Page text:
Antiviral Review

I recall reading a disconcerting article last year about Mila Kunis and how she was in fear that an obsessive fan wanted to kill and eat her.

In new release Antiviral, such stalkerish extremism is pretty much acceptable.

The film plunges us into a world where fans can indulge in all sorts of boundless behaviour, including consuming their celebrity of choice via living matter grown from extracted cell tissue.

But wait, there’s more.

Ever imagine being able to sport the same upper-lip outgrowth as some Z-lister who was promptly booted off Celebrity Big Brother two years ago?

Well in this world it’s possible.

For a fee.

Syd March works in such a charming industry, as a successful broker of celebrity viruses. He spends his days dishing out herpes strains, flu bugs and awkwardly-located rashes like there’s no tomorrow.

Syd is good at his job yet has two flaws, the first being the unhealthy obsession he harbours over his key supplier, the beautiful Hannah Geist.

The second is the frequency with which he uses his own body to smuggle out some of his company’s product to sell on the side.

He hits a snag when he discovers that the latest Hannah Geist virus he has smuggled is in fact terminal. Bad news for Syd.

Thus ensues a race against time for our hero to discover where the virus came from and, more importantly, how it can be cured.

Brandon Cronenberg capably directs his debut full-length feature, and obviously shares the same body-horror fascination as his famous father David.

Just count the number of gratuitous intravenous injection close-ups.

You’ll recognise Caleb Landry Jones from supporting and largely comic turns in Contraband and the latest X-Men flick. Here he steps up to take centre stage as Syd, and does well.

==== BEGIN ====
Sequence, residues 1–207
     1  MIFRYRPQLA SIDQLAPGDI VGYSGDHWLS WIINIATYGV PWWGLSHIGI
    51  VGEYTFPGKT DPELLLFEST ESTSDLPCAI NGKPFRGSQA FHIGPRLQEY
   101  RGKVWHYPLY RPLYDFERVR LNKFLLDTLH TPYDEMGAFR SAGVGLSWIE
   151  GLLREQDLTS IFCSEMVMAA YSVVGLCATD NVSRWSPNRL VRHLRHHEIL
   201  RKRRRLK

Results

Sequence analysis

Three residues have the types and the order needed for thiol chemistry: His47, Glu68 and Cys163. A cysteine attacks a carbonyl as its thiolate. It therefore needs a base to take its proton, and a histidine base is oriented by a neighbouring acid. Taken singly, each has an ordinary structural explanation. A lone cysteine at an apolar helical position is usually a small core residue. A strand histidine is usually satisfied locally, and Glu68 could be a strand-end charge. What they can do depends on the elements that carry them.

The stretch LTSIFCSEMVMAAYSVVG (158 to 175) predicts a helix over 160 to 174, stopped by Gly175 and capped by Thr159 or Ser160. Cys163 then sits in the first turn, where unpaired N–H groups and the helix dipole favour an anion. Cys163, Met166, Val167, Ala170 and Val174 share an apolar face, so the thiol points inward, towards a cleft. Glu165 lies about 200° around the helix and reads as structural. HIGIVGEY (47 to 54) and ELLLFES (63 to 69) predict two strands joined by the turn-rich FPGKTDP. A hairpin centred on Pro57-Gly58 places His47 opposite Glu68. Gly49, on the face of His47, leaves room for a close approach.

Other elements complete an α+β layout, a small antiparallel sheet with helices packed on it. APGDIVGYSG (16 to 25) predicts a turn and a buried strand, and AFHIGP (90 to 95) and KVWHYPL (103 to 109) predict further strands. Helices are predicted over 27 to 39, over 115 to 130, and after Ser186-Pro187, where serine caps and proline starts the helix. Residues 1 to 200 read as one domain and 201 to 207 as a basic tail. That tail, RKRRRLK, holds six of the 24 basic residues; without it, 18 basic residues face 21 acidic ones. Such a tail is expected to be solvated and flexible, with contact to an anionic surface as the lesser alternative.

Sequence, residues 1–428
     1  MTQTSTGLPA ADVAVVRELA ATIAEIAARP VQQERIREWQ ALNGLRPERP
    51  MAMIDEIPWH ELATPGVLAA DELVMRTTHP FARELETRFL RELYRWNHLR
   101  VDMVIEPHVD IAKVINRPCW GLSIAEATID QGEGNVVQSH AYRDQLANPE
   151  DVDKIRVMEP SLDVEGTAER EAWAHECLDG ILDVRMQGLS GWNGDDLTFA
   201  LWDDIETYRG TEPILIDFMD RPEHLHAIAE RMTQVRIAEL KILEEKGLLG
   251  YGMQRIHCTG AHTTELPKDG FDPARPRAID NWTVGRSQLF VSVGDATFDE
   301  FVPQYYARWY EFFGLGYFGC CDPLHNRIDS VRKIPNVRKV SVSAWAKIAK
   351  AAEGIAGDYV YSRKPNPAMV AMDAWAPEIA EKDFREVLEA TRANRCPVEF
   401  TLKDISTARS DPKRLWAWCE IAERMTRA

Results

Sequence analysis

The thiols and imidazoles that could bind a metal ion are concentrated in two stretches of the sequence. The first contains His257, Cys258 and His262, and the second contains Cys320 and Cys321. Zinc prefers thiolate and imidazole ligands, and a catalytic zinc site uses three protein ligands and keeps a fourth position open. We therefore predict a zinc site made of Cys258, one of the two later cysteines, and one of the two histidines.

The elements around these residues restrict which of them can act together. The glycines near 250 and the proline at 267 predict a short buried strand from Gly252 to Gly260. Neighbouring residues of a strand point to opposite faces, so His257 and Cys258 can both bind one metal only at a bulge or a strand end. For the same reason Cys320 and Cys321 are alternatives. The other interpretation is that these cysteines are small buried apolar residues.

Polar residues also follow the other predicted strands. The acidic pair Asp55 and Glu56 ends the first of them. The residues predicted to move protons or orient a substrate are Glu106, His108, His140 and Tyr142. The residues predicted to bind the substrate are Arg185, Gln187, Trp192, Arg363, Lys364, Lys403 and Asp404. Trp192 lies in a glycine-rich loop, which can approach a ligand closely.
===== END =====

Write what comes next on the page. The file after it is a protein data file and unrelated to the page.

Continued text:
Jones’ gaunt frame and pallor lends him a necessarily unhealthy appearance, and on an emotional level he manages to make you root for Syd; no mean feat given the character’s dubious morals and unsavoury career choice.

Which is a good thing, because there ain’t many other people to root for here.

Malcolm MacDowell pops up briefly as a creepy doctor-type, and Joe Pinque is memorably odious as one of Syd’s main black-market buyers.

The emotional centre of the film, such as it is, comes from Sarah Gadon’s performance as the vulnerable Hannah Geist, suggesting a certain cattle-like aspect in the way we view celebrities.

Sure, Antiviral conveys deep messages about obsession and how celebrity spreads like a virus. For real-world validation, all you need to do is take a look at the fan-boy petri dish that is Twitter.

Alternatively you could take it on a simpler level: as a futuristic film noir with Syd as the hapless gumshoe, ricocheting between leads and suspects. A bit like an update of the 1950 movie DOA.

This thought-provoking little number is definitely not date-night material and may escape your radar in the shadow of larger releases, but for fans of the Cronenberg family it’s definitely a recommended watch.

Conor Brennan

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